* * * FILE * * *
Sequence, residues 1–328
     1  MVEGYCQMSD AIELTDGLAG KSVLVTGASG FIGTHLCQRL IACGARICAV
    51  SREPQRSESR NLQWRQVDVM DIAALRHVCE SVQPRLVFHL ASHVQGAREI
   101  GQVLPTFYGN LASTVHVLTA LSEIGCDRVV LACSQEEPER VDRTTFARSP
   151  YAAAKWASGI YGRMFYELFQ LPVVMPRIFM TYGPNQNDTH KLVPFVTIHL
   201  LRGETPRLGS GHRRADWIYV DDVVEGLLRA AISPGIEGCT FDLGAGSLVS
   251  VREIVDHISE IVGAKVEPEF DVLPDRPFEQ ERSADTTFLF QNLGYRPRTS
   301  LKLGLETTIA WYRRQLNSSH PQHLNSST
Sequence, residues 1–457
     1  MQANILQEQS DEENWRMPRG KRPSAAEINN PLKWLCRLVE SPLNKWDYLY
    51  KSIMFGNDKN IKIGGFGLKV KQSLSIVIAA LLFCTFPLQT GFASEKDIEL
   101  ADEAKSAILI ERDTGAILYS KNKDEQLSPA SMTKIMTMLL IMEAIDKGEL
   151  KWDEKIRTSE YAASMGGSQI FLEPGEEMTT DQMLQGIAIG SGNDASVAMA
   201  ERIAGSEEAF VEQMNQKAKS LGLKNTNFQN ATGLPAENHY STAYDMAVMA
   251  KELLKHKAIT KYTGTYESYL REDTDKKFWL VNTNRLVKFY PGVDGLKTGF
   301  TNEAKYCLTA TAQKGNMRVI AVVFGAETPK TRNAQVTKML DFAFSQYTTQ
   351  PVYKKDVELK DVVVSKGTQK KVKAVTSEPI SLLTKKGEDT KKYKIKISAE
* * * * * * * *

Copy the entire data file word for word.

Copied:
Sequence, residues 1–328
     1  MVEGYCQMSD AIELTDGLAG KSVLVTGASG FIGTHLCQRL IACGARICAV
    51  SREPQRSESR NLQWRQVDVM DIAALRHVCE SVQPRLVFHL ASHVQGAREI
   101  GQVLPTFYGN LASTVHVLTA LSEIGCDRVV LACSQEEPER VDRTTFARSP
   151  YAAAKWASGI YGRMFYELFQ LPVVMPRIFM TYGPNQNDTH KLVPFVTIHL
   201  LRGETPRLGS GHRRADWIYV DDVVEGLLRA AISPGIEGCT FDLGAGSLVS
   251  VREIVDHISE IVGAKVEPEF DVLPDRPFEQ ERSADTTFLF QNLGYRPRTS
   301  LKLGLETTIA WYRRQLNSSH PQHLNSST
Sequence, residues 1–457
     1  MQANILQEQS DEENWRMPRG KRPSAAEINN PLKWLCRLVE SPLNKWDYLY
    51  KSIMFGNDKN IKIGGFGLKV KQSLSIVIAA LLFCTFPLQT GFASEKDIEL
   101  ADEAKSAILI ERDTGAILYS KNKDEQLSPA SMTKIMTMLL IMEAIDKGEL
   151  KWDEKIRTSE YAASMGGSQI FLEPGEEMTT DQMLQGIAIG SGNDASVAMA
   201  ERIAGSEEAF VEQMNQKAKS LGLKNTNFQN ATGLPAENHY STAYDMAVMA
   251  KELLKHKAIT KYTGTYESYL REDTDKKFWL VNTNRLVKFY PGVDGLKTGF
   301  TNEAKYCLTA TAQKGNMRVI AVVFGAETPK TRNAQVTKML DFAFSQYTTQ
   351  PVYKKDVELK DVVVSKGTQK KVKAVTSEPI SLLTKKGEDT KKYKIKISAE